Data has been released which shows over 1,000 learner drivers have required an interpreter in the car with them while taking their driving test in Sussex. The figure relates to the last three years and the interpreter was needed because the learner did not have a strong enough command of the English language.
During the same period around 5,000 Sussex learners also requested to sit the theory part of the test in a different language. The figures were obtained following a Freedom of Information request to the Driving Standards Agency and comes at the same time as the Coalition have announced that they are looking into ways to ban foreign language driving tests. The Department of Transport would prefer drivers to learn English before they even get as far as a motor insurance quote.
The most frequently requested foreign languages for theory tests are Polish, Turkish and Arabic and although the cost of the translators for the driving part of the test is met by the learner taking the test, the cost of translating the theory part into a different language is met by the taxpayer. The Coalition are studying how to change the rules amid fears that foreign drivers are having higher accident rates on the roads of the United Kingdom.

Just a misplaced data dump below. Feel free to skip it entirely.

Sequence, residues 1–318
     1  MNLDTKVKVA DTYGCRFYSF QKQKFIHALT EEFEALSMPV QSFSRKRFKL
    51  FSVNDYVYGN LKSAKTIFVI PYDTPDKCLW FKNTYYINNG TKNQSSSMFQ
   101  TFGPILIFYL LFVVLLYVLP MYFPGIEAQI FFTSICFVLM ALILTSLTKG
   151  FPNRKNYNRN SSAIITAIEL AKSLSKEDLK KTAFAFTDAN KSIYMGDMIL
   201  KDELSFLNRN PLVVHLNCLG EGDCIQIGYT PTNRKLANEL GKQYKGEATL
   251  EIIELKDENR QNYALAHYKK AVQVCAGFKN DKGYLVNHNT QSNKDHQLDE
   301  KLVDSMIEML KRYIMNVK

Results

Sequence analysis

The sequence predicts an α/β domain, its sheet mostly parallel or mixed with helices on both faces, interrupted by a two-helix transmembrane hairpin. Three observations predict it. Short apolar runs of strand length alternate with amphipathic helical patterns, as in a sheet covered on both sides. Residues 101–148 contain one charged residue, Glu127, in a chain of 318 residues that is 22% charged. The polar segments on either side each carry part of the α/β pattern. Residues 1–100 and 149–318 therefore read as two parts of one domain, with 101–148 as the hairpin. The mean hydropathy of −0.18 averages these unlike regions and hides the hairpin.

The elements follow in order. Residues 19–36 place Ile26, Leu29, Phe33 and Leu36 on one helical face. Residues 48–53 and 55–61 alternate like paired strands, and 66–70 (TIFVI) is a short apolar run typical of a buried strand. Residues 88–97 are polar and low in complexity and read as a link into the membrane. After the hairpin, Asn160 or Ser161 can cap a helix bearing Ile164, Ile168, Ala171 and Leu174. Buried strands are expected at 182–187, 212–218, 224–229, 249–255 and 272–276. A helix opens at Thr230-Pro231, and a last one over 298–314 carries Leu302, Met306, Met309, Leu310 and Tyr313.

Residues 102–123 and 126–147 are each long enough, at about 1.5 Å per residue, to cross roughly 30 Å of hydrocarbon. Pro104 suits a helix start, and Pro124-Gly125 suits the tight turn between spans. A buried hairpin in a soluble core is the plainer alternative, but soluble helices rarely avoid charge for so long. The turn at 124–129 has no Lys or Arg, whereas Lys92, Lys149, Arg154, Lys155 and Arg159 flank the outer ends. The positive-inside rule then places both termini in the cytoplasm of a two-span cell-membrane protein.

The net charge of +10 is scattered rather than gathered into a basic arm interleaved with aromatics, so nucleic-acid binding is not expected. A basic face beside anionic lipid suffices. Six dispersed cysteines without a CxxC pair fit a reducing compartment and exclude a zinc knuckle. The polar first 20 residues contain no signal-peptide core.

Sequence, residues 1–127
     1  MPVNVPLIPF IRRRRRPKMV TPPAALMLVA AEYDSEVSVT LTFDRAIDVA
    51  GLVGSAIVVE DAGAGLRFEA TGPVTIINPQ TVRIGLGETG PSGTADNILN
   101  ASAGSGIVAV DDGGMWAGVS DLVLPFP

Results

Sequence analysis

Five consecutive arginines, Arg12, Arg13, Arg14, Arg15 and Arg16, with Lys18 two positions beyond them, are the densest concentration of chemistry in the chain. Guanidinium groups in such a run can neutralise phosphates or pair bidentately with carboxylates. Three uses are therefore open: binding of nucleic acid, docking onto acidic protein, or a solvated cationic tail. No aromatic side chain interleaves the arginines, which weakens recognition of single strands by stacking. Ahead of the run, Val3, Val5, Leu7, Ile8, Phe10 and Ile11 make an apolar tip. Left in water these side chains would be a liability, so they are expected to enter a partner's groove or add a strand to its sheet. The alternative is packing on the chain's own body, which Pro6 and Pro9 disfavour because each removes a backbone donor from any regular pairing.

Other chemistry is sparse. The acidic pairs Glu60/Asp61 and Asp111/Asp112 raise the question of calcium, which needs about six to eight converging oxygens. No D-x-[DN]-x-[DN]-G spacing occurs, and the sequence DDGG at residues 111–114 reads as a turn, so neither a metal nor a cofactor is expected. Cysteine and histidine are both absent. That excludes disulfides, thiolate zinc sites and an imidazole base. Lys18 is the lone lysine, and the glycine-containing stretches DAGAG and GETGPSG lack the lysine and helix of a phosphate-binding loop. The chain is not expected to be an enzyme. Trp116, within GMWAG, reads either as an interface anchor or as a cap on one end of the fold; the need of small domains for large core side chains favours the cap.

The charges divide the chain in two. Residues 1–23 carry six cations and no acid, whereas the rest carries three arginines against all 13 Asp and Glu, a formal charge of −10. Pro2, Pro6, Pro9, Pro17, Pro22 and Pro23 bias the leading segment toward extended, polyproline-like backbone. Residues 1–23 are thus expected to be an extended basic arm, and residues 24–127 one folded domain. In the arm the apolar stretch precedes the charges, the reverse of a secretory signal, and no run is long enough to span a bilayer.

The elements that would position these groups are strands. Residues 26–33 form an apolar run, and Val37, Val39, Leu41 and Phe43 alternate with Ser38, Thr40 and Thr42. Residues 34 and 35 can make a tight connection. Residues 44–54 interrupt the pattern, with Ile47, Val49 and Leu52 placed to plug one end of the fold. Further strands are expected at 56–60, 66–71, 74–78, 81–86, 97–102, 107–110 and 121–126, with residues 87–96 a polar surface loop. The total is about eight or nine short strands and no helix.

Transport minister Mike Penning said: “I find it incredible that Labour thought it was a good idea to let people without a basic grasp of English loose on our roads. Road safety should be our priority, not political correctness. With the number of vehicles on the roads increasing each year, we need to do our best to save as many lives as we can.”
Road safety experts do not agree with the Coalition and feel drivers who do not speak English don’t generally pose a road safety threat because road signs are designed to be symbolic, so being able to read them is not a factor.